The Reunification Highway
Dining al fresco en route to the DMZ
My second picture, attached, is of the Reunification Monument, our first stop on the outskirts of Pyongyang. Further details on this amazing piece of work can be found on my Pyongyang page.
For those who may not have seen the Team America skit alluded to in the title of my first picture attached, have a look here - http://www.youtube.com/watch?v=UEaKX9YYHiQ
After a pleasant, if a little bumpy, trip we arrived into Kaesong just before dusk and, first up, made our way to the massive statue of Kim Il-sung which sits on Mount Janam, high up above the town, looking down on it. Do come up for a look.
- Road Trip
Hyonjongrung Royal Tomb (King Kongmin)
There was a delay on our journey back form the Concrete wall near the DMZ. A loud 'bang' from under the bus, followed by unpleasant grinding noises. We stopped for an hour as curious local came through the fields to peer at the tourists. We observed ingenuity at work as the bu' suspension was fixed inside an hour with what seemed no more than a large rubber band!
On to one of the Royal tombs of the Koryo dynasty, outside Kaesong city (we made a run through the backstreets). The road winds through steep hilly country, past the mounds of other tombs to a carpark at the base of the ceremonial steps to the two adjacent mounds where King Kongmin and his wife are interred. Stone statues of State Civil Officials line the path, and the toms themselves are guarded by grinning tigers and smiling sheep.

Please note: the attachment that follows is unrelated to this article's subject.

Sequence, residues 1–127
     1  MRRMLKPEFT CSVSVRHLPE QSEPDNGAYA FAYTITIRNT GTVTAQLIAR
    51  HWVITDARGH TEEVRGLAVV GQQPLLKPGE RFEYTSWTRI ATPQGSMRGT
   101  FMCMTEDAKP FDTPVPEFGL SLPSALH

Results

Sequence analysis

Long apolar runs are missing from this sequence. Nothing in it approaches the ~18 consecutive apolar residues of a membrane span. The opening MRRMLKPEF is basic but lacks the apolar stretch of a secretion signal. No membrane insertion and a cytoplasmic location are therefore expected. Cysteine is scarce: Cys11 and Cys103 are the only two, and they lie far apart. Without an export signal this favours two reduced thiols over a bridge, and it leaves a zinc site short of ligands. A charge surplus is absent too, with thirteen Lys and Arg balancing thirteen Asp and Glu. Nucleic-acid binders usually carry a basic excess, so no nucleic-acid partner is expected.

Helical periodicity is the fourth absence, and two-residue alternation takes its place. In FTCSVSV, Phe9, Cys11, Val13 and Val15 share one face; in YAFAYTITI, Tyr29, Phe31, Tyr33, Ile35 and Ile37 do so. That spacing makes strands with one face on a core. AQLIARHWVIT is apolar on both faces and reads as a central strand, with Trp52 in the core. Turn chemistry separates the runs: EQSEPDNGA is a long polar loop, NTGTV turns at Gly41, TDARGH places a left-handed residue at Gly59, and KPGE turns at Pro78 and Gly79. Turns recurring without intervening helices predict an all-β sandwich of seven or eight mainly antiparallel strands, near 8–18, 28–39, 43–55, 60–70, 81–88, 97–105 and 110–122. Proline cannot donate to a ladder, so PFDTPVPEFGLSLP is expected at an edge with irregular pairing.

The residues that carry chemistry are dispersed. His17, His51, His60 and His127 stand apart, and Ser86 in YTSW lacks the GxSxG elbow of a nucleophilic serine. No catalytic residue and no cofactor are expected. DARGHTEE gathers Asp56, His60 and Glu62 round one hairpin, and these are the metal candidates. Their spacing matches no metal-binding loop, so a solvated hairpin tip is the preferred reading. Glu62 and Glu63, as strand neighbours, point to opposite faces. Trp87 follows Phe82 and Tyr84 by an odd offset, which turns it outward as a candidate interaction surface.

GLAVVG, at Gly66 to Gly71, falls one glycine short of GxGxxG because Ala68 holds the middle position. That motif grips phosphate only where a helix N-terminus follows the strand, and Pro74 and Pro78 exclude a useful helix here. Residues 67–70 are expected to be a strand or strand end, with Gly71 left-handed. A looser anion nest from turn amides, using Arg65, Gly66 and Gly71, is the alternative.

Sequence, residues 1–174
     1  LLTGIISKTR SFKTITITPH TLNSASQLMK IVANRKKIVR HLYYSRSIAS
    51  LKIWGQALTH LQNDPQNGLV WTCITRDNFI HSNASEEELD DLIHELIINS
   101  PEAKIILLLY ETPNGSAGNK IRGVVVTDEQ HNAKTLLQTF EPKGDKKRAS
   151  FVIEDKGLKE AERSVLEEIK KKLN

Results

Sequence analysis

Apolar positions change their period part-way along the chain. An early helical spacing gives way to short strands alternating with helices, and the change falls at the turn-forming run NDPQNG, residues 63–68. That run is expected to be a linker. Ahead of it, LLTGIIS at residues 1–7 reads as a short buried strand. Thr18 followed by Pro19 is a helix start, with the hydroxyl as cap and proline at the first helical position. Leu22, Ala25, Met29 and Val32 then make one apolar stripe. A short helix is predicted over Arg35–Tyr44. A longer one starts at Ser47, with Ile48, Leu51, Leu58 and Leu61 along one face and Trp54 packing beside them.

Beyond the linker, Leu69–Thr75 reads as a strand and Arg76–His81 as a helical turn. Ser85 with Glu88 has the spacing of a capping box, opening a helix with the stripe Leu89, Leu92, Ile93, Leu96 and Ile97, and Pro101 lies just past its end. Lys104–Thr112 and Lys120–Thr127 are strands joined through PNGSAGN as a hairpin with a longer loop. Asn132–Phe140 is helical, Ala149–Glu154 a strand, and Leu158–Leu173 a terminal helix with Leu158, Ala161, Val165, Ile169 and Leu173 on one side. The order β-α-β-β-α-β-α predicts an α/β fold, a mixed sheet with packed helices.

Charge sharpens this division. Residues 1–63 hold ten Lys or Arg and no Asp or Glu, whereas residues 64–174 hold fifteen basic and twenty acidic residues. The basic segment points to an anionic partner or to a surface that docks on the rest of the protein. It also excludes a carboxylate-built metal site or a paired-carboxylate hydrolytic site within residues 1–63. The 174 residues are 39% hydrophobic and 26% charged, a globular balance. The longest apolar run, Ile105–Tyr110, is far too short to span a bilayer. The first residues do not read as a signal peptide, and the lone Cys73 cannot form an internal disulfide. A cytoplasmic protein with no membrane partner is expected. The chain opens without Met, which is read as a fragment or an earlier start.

- Historical Travel
- Road Trip
Grand Shopping Mall
Kaesong Grand Shopping Mall, centralize located in Kaesong city.
Best place to buy souvenir of North Korea. Traditional wear, food, craft works, and antiques. The price is fixed in Chinese RMB or US dollar.
You can try your luck to bargain.
- Budget Travel
- Arts and Culture
Nandemon Bell Tower
Most of the people may think Nandemon can only found in South Korea, actually there is one in Kaesong North Korea.
In Nandemon, one of the most famous buildings is this Ancient Bell Tower. This is one of the famous bell towers in North Korea.
The bell was kept in one of the old temper in Kaesong, in 1563, the temper was burnt in fire, so they move the bell to Nandemon and built a Bell Tower.
- Theme Park Trips
Coree Museum was built in Coree Era named as Songgyunguan University, the building is remain and now turns into Coree Museum, the remains indicating the way of development of Coree, the cultural assets, Buddhist image, metal craft, building model, stone art object were displaying in this building.
- Arts and Culture
Find a day, if you realize that there isn’t any spy around; try your luck to go around.
The places I would definitely visit is local village. Here is one of the villages I’ve chosen near by Kaesong city.
As you can see, the house is made of wood, with very think concrete. Very old design, oldies but goodies.
I was told that usually few families share a small piece of farm land for cultivation. The farm land that I visited was almost empty.
Perhaps in another few weeks, the leaves of potato or sweet corn will comes out?
- Historical Travel
- Arts and Culture
The Grand General Hall
Some call this Grand General Hall as The Cultural Central or The Cultural Hall, but it really depends on the guide book.
There is a cultural food court inside where can fit more than 500 people.
When there are tourists visiting to this hall, they may have traffic control for the local people, that’s why we can meet no one local here.
- Romantic Travel and Honeymoons
- Food and Dining